Pre— critiques of electronic-surveillance focused on privacy rights and threats to boundaries between individuals, corporations, and the state; what would later be known as metadata collection were then broadly understood as violating shared notions of privacy, and as exposing the scaffolding of a police state or a corporate panopticon inhabited by consumers living in a George Tooker painting.
Contact Contact Us Help. Never mind their obvious inability to win over critics at home, with whom they shared language, culture, common forms of socialization and enculturation, etc. Skip to main content. Thank you very much. Apologies for the many typographic and other small errors that could be found in the first version published here—the longer the document, the more likely it is that such things pass without notice, until much later. Citizen, Amazon will be a partner in assassination.
The rapid shifts in U. In the summer of , distrust of the FBI and other surveillance agencies had reached one of its highest historical levels.
Decades of longitudinal survey data collected by the Justice Department establish longstanding U. The depth of this shift in U.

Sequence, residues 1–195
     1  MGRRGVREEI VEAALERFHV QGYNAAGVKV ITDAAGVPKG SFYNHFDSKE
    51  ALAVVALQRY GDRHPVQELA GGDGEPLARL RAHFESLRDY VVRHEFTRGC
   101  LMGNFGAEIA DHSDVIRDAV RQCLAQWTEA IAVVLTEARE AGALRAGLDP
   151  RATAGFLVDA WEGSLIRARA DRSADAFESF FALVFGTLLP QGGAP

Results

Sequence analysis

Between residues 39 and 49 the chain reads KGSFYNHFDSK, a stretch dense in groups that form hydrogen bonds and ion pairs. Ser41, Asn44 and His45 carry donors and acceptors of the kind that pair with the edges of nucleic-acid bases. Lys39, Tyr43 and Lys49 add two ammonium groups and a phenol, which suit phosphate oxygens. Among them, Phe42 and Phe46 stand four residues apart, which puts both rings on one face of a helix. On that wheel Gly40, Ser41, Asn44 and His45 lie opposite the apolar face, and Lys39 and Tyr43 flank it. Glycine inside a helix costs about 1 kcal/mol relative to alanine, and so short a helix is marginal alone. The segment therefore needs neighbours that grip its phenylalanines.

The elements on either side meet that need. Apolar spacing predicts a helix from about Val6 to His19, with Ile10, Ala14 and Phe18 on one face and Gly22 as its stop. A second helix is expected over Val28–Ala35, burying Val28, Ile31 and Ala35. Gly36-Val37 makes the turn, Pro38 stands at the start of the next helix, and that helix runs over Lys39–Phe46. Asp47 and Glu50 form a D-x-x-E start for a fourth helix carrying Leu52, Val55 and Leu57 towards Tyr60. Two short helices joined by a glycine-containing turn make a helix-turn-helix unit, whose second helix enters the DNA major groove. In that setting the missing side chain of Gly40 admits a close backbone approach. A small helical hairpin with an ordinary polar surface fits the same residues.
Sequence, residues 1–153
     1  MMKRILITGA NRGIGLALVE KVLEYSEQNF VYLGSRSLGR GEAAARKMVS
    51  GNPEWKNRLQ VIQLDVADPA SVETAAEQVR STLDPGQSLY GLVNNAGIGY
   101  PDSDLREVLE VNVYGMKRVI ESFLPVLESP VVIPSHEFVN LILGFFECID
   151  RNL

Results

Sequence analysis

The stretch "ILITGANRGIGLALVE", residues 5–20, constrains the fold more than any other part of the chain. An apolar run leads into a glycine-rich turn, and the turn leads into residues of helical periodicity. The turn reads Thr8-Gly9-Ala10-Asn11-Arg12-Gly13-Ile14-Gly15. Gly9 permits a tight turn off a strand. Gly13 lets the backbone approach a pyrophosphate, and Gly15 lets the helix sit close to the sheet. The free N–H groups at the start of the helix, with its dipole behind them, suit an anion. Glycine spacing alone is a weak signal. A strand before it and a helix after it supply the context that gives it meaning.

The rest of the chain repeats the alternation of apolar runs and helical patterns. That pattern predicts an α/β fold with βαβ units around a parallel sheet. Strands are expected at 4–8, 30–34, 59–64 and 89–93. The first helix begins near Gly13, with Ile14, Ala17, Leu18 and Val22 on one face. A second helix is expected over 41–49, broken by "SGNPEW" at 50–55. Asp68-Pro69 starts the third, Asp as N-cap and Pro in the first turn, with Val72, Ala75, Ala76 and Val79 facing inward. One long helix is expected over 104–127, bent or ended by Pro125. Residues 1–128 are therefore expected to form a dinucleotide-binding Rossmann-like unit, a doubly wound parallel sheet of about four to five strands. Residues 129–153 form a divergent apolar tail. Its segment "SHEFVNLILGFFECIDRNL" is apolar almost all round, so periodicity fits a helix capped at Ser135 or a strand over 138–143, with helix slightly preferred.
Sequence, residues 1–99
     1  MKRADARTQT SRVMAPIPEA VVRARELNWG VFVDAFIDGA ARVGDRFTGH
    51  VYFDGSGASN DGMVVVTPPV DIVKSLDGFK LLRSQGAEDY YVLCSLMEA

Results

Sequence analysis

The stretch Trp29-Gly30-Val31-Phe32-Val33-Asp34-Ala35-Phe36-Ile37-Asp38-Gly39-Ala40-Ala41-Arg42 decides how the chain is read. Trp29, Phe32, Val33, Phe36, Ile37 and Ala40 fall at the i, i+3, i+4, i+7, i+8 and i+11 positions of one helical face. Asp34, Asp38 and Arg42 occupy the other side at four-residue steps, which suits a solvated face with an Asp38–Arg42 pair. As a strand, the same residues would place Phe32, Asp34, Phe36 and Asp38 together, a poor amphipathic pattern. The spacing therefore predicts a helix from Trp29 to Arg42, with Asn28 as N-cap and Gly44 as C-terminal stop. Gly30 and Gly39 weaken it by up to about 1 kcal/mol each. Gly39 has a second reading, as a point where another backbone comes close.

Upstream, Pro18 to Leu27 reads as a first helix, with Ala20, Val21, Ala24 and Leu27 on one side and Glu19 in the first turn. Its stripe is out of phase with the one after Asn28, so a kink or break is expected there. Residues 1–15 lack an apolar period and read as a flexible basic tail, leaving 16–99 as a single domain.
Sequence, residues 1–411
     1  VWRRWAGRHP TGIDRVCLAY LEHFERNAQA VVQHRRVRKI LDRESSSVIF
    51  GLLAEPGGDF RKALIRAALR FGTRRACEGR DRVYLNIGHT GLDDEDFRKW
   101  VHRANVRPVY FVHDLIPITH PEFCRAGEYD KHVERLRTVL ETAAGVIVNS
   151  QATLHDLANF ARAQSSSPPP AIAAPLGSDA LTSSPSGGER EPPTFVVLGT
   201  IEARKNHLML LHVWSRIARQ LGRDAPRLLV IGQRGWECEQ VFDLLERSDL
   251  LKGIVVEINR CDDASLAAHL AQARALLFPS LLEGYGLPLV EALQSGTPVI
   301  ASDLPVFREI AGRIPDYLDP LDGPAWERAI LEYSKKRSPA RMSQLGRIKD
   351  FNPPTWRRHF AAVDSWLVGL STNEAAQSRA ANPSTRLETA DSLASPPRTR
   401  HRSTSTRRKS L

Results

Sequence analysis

This news led to broad-based protests by Americans across the country angry about invasions of privacy—protests that lead to the cancellation of the product which produced results less intrusive than a quick Google search would provide today. Under the directorship of Admiral John Poindexter, TIA planned to collect metadata on millions of Americans, tracking movements, emails, and economic transactions for use in predictive modeling software with hopes of anticipating terror attacks, and other illegal acts, before they occurred.
Congress and the public were outraged at the prospect of such invasive surveillance without warrants or meaningful judicial oversight. Americans now increasingly accept invasive electronic monitoring of their personal lives. Ideologies of surveillance are internalized as shifts in consciousness embedded within political economic formations converge with corporate and state surveillance desires.